Once the camera has applied the edge detection filter, it computes 64 a histogram of the resultant values in order to identify a threshold value. The threshold value is selected 65 such that a small portion of the total number of image pixels are considered “edges”. For instance, 10-15% of the total pixels may be designated edges. By using the histogramming function, the camera 10 can accommodate either very busy images (those with many edges) or very bland images (those with few edges) without cluttering the liveview image.
Once the edges are identified and the threshold has been applied, the camera extracts 66 the image information (pixels) near the edges from the previously taken image, and superimposes 67 only those pixels over the liveview image. The definition of “near” in this case is dependent on display size, but a radius of 2-3 pixels is considered reasonable.
By applying the method of identifying edge features and superimposing only those elements of the previous image that are near those edges over the current liveview image, the user is provided a full-screen display that is minimally obscured with prior image information. Only those elements of the previous image that are important for alignment obscure the liveview image.
This approach eliminates the disadvantage of using a reduced-size image as found in Canon digital cameras, for example. Furthermore, it eliminates the disadvantage of overlaying a large portion of the previous image (as much as 50% of it) over a full-screen liveview, interfering with the composition of the current image.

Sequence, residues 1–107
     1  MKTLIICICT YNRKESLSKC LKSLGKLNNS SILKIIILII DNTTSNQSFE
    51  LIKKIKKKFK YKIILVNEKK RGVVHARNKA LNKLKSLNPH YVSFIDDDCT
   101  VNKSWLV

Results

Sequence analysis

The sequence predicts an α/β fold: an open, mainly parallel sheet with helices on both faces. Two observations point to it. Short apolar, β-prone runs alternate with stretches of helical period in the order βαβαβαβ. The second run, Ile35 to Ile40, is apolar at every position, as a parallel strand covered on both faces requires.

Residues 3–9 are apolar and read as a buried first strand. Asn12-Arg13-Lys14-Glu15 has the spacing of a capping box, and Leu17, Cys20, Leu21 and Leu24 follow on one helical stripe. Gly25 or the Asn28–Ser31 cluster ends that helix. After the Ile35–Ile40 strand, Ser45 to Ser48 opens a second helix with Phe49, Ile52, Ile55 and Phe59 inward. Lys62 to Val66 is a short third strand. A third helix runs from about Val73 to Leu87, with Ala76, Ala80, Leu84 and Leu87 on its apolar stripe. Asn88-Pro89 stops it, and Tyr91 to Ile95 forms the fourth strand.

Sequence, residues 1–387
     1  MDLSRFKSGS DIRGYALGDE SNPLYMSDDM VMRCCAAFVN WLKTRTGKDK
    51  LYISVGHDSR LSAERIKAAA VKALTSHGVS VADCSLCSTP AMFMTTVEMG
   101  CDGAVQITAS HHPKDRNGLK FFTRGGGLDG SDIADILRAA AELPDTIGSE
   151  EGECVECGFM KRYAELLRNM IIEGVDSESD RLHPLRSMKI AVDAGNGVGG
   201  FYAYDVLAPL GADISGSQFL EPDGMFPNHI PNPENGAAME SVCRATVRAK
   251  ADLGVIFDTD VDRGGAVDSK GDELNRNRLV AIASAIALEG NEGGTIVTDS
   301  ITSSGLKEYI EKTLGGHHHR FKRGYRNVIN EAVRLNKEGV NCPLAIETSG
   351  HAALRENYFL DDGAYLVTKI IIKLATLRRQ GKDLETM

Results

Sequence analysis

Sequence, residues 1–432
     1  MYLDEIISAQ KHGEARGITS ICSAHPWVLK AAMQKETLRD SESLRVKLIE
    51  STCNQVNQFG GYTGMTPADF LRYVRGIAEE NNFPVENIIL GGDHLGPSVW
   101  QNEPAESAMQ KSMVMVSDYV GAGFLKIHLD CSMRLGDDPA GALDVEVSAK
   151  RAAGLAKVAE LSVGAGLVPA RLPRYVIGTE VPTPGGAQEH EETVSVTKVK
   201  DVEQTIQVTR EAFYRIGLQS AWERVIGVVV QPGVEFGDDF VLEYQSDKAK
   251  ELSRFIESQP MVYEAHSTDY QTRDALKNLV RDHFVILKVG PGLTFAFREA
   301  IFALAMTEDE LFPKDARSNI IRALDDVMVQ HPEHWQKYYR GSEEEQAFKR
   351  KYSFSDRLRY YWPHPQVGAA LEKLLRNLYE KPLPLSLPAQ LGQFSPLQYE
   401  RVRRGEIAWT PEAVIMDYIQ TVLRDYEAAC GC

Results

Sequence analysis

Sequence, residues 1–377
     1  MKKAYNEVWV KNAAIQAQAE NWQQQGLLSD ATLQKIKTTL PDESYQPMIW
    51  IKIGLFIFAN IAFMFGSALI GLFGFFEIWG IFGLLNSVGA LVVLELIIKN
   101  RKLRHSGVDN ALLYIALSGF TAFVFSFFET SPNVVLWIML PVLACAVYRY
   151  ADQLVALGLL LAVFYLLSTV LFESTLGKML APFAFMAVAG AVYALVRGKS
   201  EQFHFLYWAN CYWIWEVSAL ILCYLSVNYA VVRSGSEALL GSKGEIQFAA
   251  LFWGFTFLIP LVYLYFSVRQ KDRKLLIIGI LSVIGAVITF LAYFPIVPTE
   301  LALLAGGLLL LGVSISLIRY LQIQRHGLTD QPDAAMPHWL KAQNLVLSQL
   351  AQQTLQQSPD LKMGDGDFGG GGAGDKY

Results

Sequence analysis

This approach also allows a number of adjustments to be made, by either changing 68 the percentage of pixels that will be identified as “edges”, or by changing 69 the radius (or extent) around the edges that are sampled to display on the liveview image. By altering the threshold value 65, the user of this technique can alter the number of edges that the user of the camera will see superimposed on the liveview image. A higher threshold value increases the likelihood of the user seeing false edges, while a lower threshold value decreases the number of edges displayed. The false edges that can be detected with a higher threshold may provide more alignment features, but it also obscures more of the current liveview image. Fewer edges decrease the clutter obscuring the current liveview image, allowing for better composition of the current image, but provides fewer features for alignment. Altering the radius of pixels that are sampled around edges likewise alters the level of obscuration of the liveview image. A larger radius includes more features around the edges to use for alignment, but it also obscures more of the liveview image. Conversely, a smaller radius reduces the visibility of alignment features.
This method is easily identifiable in application, since it essentially overlays only edge features from the previous image over the current liveview image. By obscuring the current liveview as little as possible, the camera 10 provides the user the best possible solution to the problem of aligning adjacent images during a panorama sequence.
Thus, digital cameras and methods that use edge detection for providing image alignment feedback for panorama (composite) images have been disclosed. It is to be understood that the above-described embodiments are merely illustrative of some of the many specific embodiments that represent applications of the principles of the present invention. Clearly, numerous and other arrangements can be readily devised by those skilled in the art without departing from the scope of the invention.
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|U.S. Classification||348/252, 348/E05.052, 348/E05.054, 348/36|
|International Classification||H04N5/262, G06T1/00, G06T7/60, H04N5/225, H04N5/208, H04N101/00, H04N5/228, H04N7/00, H04N5/232|
|Cooperative Classification||H04N5/2625, H04N5/2622, H04N5/23238|
|European Classification||H04N5/232M, H04N5/262S, H04N5/262E|
|Feb 3, 2004||AS||Assignment|
Owner name: HEWLETT-PACKARD DEVELOPMENT COMPANY, L.P., TEXAS
Free format text: ASSIGNMENT OF ASSIGNORS INTEREST;ASSIGNOR:WEBB, CHRISTOPHER;REEL/FRAME:014963/0342
Effective date: 20040126
|Jun 17, 2008||CC||Certificate of correction|
|May 2, 2011||FPAY||Fee payment|
Year of fee payment: 4
|Mar 25, 2015||FPAY||Fee payment|
Year of fee payment: 8